Sreten Stojanović

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Sreten Stojanović
Sreten Stojanović 1998 Yugoslavia stamp.jpg
Born Sreten Stojanović
(1898-02-02)2 February 1898
Prijedor, Austria-Hungary
Died 29 October 1960(1960-10-29) (aged 62)
Belgrade, FPR Yugoslavia
Nationality Serb
Education Vienna, Paris
Known for Sculpture

Sreten Stojanović (Serbian Cyrillic: Сретен Стојановић; 2 February 1898 – 29 October 1960) was one of the most prominent Bosnian and Serbian sculptors of the 20th century.

Biography[edit]

He was born on 15 February 1898 in Prijedor in Bosnia-Herzegovina, in the house of Orthodox priests who "preached the faith for strength of people and who imagined Russia to be something that is ours or more beautiful, bigger, more Orthodox, closer to God and more powerful than anything that was German or Turkish”, as he wrote in his autobiography. He inherited such a patriarchal family's firmness and stability, from people who grew up in that very soil and he spent his whole life being so ingrained, not giving up on the deepest and unchanged moral principles. He belonged to the Young Bosnia Movement where he was, as a juvenile pupil of the Tuzla's high school, sentenced to 10 years in prison. He was also shortly engaged adventurously in national interests at the end of the First World War. In Vienna he studied sculpture and at the beginning of the 1920s he enjoyed a turbulent bohemian life in Paris, where he also devoted himself to study. With Dragiša Vasić and Vladislav Ribnikar he was traveling through the Soviet Union in 1927. After the Second World War he was a dynamic social and cultural activist.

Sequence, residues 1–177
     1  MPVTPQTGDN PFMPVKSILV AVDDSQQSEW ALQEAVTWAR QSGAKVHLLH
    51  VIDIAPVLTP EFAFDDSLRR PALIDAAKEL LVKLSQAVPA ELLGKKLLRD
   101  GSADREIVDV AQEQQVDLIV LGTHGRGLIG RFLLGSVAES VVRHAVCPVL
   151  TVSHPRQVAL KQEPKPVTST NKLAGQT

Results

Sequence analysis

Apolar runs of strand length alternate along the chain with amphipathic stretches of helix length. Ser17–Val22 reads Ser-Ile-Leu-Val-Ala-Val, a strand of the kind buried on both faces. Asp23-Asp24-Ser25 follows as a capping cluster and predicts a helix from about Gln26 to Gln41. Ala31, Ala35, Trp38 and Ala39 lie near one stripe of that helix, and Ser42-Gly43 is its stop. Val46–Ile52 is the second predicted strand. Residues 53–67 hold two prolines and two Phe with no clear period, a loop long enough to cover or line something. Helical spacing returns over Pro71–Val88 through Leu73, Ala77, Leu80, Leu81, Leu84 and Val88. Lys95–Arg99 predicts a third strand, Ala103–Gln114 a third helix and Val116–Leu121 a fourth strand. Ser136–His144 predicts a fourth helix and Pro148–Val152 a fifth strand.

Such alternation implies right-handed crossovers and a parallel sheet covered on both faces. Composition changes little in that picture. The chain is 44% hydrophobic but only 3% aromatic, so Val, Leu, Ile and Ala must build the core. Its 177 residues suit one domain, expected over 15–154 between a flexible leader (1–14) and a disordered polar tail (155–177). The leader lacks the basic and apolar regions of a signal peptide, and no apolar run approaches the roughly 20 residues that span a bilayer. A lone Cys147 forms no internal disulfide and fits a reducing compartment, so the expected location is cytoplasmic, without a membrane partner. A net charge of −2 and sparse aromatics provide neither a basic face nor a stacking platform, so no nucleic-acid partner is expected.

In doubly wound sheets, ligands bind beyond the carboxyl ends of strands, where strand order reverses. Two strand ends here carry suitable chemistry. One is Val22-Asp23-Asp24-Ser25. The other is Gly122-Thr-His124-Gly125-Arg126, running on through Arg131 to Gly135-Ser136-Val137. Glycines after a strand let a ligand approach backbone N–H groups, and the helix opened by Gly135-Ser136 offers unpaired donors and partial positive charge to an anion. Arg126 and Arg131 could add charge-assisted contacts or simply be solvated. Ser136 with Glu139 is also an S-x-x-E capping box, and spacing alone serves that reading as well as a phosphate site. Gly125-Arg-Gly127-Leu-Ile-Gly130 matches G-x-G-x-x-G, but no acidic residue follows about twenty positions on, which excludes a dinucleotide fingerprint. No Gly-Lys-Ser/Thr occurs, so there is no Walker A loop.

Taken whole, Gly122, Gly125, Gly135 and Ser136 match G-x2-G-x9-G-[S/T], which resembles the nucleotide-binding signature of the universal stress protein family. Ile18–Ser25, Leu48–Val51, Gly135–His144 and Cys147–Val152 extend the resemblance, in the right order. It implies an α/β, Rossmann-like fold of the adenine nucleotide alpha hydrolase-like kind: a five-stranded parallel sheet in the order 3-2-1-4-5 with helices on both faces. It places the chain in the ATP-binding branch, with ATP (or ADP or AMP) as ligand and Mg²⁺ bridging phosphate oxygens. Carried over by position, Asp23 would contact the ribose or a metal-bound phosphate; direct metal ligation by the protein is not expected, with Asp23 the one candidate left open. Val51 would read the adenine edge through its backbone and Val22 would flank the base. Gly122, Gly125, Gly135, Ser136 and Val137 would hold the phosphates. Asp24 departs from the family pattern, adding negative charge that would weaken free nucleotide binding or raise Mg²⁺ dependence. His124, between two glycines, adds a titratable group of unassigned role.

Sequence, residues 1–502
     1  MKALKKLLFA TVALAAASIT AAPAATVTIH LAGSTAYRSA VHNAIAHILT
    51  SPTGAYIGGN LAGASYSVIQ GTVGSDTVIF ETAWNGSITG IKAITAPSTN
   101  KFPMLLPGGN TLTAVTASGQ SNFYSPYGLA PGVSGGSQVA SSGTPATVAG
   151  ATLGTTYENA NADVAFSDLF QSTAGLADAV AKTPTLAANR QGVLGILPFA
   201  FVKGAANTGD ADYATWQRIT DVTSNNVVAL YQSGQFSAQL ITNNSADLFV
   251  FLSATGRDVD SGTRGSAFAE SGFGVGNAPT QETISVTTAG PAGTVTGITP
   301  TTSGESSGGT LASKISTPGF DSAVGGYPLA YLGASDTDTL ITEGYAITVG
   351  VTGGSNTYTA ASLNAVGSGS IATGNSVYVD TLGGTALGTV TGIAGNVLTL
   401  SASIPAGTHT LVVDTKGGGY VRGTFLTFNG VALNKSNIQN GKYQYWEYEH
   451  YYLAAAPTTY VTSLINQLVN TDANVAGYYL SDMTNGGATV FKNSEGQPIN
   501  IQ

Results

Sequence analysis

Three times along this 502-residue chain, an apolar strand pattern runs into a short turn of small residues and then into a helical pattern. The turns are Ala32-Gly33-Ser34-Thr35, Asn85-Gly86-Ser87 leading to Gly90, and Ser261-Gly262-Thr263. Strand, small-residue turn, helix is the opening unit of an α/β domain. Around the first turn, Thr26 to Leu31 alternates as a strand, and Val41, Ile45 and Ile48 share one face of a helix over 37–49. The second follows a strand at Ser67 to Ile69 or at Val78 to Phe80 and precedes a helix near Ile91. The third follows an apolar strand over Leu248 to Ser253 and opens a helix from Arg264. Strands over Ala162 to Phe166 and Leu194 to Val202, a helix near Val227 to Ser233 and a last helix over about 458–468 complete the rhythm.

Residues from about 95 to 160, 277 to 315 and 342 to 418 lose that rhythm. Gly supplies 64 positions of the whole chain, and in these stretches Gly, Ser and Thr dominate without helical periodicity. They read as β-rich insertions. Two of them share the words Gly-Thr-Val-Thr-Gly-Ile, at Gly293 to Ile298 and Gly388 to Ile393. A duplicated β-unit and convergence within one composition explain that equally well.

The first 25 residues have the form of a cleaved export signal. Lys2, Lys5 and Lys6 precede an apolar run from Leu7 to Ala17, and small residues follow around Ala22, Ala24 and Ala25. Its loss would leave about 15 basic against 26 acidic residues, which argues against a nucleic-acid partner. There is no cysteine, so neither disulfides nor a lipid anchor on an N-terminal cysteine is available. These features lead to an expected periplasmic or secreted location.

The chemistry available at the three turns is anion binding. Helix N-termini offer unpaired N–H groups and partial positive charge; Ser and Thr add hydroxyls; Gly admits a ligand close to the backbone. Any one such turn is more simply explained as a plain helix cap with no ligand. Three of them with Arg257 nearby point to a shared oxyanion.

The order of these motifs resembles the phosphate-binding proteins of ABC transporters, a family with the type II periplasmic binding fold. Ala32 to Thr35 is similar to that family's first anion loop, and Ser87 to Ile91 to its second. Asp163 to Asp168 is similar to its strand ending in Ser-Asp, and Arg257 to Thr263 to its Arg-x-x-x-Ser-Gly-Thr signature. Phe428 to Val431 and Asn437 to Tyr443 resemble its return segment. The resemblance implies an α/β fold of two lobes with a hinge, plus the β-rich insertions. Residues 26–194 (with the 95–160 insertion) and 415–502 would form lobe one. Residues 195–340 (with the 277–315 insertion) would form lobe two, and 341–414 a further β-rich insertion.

Stojanović became a sculptor after going to study, first in Vienna at the beginning of 1918, and later in Paris. He received his scholarships from Dr. Djurica Djordjević and his wife Krista, who he became acquainted and afterward became friends with. They were big defenders of the modern art in between-the-wars Yugoslavia and their house became one of the most known meeting places of artists, writers, young left-wing politicians and intellectuals. He indulged in Viennese revolutionary movements before the black-yellow monarchy's downfall. Being in the midst of social happenings, he returned to Bosnia immediately after the end of the war where he was engaged in creation of first Yugoslavia, with all his achieved political and penal reputation, belligerence and revolutionary mood. He commanded the committee and irregular troops which established order in a condition of a total anarchy, just before arrival of the regular Alexander the Great's liberation army which was arriving in its epochal Thessaloniki inrush.

In 1919, Stojanović went to Paris to pursue the best studies of art, which not only ensured the necessary education but also close contacts with numerous life's challenges and a creative stimulation coming from one of the biggest European metropolises. One address and information that Serbs gather in the cafés on Boulevard Saint-Michel was enough for him, reported the autobiographer, remembering his first meeting with the art metropolis of those times.

The most vivid depiction of Stojanović and the whole atmosphere dominated in artistic circles and bohemian societies of Paris at the end of the second and beginning of the third decade of the last century was made by L. Trifunović: